By Sonia Rolley
KINSHASA (Reuters) – Representatives of Congo’s main opposition parties began talks this week in Pretoria on how to ensure the general election on Dec. 20 will be fair and to decide on a potential joint candidate to challenge President Felix Tshisekedi.
A crowded opposition field of 25 candidates has been officially approved by the electoral commission in Democratic Republic of Congo to face Tshisekedi who is seeking a second term.
Campaigning for the election in Congo, the world’s largest producer of battery material cobalt and a major copper producer, will start on Nov. 20.
Opposition candidates include Tshisekedi’s old rivals such as Martin Fayulu, a 66-year-old former Exxon Mobil executive who came second in the disputed 2018 presidential vote which he claimed to have won, and first-timers such as Congo’s renowned Nobel Peace Prize-winning gynaecologist Denis Mukwege.
Fayulu told Reuters that discussions were to ensure that the elections were transparent.
“The question of a joint candidacy will certainly be discussed in due course,” Fayulu said, adding that the main concern was to agree ground rules for holding peaceful elections.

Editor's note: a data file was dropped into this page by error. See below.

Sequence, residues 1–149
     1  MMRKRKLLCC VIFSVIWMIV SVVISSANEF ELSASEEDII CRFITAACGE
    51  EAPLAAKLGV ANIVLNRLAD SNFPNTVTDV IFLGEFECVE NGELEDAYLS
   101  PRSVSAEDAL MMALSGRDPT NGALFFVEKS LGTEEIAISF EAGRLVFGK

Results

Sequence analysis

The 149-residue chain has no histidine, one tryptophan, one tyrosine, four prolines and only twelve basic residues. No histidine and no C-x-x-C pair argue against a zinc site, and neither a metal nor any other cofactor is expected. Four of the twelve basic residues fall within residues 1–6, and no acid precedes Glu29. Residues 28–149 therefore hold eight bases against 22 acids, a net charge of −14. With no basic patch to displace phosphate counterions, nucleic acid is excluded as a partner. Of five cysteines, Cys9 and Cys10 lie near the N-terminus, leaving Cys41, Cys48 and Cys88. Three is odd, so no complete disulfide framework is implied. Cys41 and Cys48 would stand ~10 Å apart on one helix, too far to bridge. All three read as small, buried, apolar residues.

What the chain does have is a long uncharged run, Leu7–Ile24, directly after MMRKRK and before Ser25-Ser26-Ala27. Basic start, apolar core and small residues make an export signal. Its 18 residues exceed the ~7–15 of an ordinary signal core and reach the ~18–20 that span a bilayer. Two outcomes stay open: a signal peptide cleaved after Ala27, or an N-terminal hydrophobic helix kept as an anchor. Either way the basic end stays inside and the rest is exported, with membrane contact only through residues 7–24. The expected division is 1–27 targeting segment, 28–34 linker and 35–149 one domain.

A divided opposition field could be an advantage for Tshisekedi in a single round election that requires a simple majority of the vote to win.
Ahead of the 2018 presidential election, Fayulu was chosen as the joint opposition candidate in a deal that at the time included Tshisekedi, and the president’s current Vice Prime Minister and Minister of the Economy Vital Kamerhe.
Both Tshisekedi and Kamerhe pulled out of the deal a day after it was agreed following what they said were protests from their supporters, and Tshisekedi went on to win the disputed vote.
MUKWEGE, KATUMBI AND FAYULU
Herve Diakese, a spokesman for Moise Katumbi, a millionaire businessman and former governor of the copper-rich Katanga region said there was a need to bolster one opposition candidate.
“We’re going to look for a leader, line up behind him and make him president,” Diakese said. “Without discriminating against the others, the three names that stand out are Denis Mukwege, Moise Katumbi and Martin Fayulu,” he added.
Albert Moleka, an advisor to Mukwege said that the joint candidacy must be based on programme, but the key to a fair election was for the opposition and civil society to be organised and monitor the vote.
“If we all go our own way, with fraud in the offing, can we win? How can we mobilise witnesses? How can we get around?,” Moleka said.
Opposition parties have raised alarm and warned that the election could be flawed, alleging irregularities during the voter registration period orchestrated by the national election commission to favour Tshisekedi’s ruling coalition. The commission has denied the accusation promising a fair election.
(Reporting by Sonia Rolley; Writing by Bate Felix, Editing by Alexandra Hudson)